As shown in FIG. 2, system configuration database 37 contains data on all processes in system 22, which may include their logical names, physical addresses, backup process identities, and other properties. The contents of system configuration database 37 may be modified by commands from command facility 28. System configuration database 37 may be accessed remotely, replicated at other sites, or distributed across multiple sites, depending on the application needs.
System configuration database 37 contains several records, where each record contains information on an entity in system 22. As shown in FIG. 4, information in a record about an entity may include an entity type 23, a logical name 25, physical name 27, and properties 29 unique to the entity type. Entity type 23 is the type of record or entity; logical name 25 is the name by which applications access this entity; physical name 27 is the system name and location of the entity; and properties 29 are information specific to the entity type being defined in the record. Where desirable, properties 21 may provide information on the entities that serve as backups to each entity.
There are several different entity types in system 22, including but not limited to: SYSTEM, PROCESS, LOGICAL UNIT, PHYSICAL UNIT, LINE, USER, TERM, FILE, ROUTE, NETWORK, COMMAND, NODE, GROUP, PARAMETER, and ASSIGN. Each entity type is described in more detail below.
The SYSTEM entity contains information related to a site or node in the system. Therefore, system configuration database 37 may include several SYSTEM entity records containing paths of communication and other information related to all the nodes in the system that can communicate with one another.
The PROCESS entity contains information that defines a process to the distributed on-line data communications system. An application that runs on the platform is referenced by its logical name. The physical name includes the running process identifier. The properties section defines the location of the object and the resources a process uses and provides information that allows the running process to be created.
The LOGICAL UNIT (LU) entity is the most elementary form of a communications circuit. It describes the tail end out to a particular device. When a process references an LU by its logical name, the message gets routed to its line handler 30. The LU has links through optional PHYSICAL UNIT (PU) entities that terminate at a LINE (L) entity as shown in FIG. 5. Line handler 30 (FIG. 2) uses the hierarchical information of LU,PU,LINE to get the address of the destination device. The physical location of the device is described by the physical names of the LU, PU and LINE entities that are linked together. Therefore, properties of LU includes the line handler name and the links. Other properties of the LU entity define the protocol of the LU and protocol options. An LU can be used to define a communications path to an external source, such as institutions 45 and ATMs 44 or to other distributed on-line data communications system nodes 40 (FIG. 2).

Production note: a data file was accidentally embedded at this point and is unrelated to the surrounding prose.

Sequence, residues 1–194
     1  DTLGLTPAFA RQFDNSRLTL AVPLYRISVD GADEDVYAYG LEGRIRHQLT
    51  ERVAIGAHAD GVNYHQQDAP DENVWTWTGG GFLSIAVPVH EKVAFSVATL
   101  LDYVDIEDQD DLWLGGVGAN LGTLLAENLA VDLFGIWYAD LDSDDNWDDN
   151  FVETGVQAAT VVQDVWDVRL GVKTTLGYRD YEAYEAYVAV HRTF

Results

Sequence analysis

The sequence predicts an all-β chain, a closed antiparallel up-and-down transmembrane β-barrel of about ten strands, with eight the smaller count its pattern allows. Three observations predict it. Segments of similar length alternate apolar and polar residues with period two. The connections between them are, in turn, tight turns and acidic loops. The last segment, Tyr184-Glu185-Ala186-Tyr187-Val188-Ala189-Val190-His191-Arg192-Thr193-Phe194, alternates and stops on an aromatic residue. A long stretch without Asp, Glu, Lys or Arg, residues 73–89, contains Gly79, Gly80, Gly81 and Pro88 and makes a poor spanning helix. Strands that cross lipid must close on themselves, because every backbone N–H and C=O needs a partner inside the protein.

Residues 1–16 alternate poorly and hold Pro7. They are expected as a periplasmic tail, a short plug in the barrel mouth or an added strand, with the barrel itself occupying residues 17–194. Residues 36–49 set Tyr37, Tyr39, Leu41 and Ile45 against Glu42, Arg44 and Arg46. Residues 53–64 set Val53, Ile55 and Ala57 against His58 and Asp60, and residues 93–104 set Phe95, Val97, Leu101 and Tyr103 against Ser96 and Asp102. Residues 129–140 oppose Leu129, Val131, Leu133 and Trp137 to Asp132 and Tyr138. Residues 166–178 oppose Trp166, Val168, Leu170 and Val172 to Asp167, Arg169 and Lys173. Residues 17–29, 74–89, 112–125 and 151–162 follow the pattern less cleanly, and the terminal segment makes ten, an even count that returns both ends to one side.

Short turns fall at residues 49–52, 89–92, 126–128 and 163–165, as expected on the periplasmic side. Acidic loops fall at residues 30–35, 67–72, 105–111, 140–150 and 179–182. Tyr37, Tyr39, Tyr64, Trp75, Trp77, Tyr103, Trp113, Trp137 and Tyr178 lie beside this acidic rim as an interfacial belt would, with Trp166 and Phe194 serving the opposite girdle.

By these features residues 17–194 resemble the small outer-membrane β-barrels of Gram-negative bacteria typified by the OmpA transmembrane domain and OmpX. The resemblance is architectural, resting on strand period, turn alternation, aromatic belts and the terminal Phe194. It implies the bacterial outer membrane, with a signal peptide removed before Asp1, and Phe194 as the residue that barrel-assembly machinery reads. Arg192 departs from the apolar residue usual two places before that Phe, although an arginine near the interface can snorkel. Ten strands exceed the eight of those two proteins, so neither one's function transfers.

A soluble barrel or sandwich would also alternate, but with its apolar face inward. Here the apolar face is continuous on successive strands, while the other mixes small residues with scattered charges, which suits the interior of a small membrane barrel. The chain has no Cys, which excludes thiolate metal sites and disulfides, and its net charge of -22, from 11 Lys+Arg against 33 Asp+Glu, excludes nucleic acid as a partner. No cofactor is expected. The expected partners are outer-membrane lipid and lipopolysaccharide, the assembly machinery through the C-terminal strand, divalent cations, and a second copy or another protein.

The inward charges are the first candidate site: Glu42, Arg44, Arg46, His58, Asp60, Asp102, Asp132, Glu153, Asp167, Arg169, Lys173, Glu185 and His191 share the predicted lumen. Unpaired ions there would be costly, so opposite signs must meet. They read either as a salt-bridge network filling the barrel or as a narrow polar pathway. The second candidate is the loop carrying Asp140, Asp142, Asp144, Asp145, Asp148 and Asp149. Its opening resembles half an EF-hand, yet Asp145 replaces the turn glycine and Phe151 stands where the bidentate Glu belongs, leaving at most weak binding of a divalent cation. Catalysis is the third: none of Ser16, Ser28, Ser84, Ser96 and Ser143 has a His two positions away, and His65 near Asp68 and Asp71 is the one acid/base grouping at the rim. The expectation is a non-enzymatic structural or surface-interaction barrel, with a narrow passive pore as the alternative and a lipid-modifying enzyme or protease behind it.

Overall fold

The PHYSICAL UNIT entity (PU) is an entity that allows a network designer to create a collection of one or more LUs. It is a logical division of a LINE entity. The configuration of communications often naturally follows the hierarchy shown in FIG. 5. A PU entity is a means of indicating that hierarchy which takes advantage of available bandwidth in communications. The logical name of the PU is specified to access it (such as on an LU's link chain). The physical name contains routing information for accessing an LU (a partial address). Properties include the protocol and a link to other entities which could be more PUs, but must terminate at a LINE entity.
The LINE entity defines a port on the physical equipment from which one or more multiple devices can be accessed via a communications circuit. The logical name of a LINE is specified by the LUs and PUs linked to it via the link field. The physical name describes the machine's or communications device's port name. Properties include the line handler program, protocol and protocol options.
When a line handler 30 receives a message for an LU, it has already chained the entity information together. A general algorithm for routing is used to access the port described in the LINE record, use the segment of the line described by the PU record (if present), and the address on the LU record to transmit the message to the device at the end of the circuit.
The USER entity describes a valid user of the distributed on-line data communications system 22. It functions primarily as a security measure or for guarded access to the system. For terminals in a secure area, it may be set up so that any user is valid. These terminals are defined in the system configuration database 37 as TERM entities.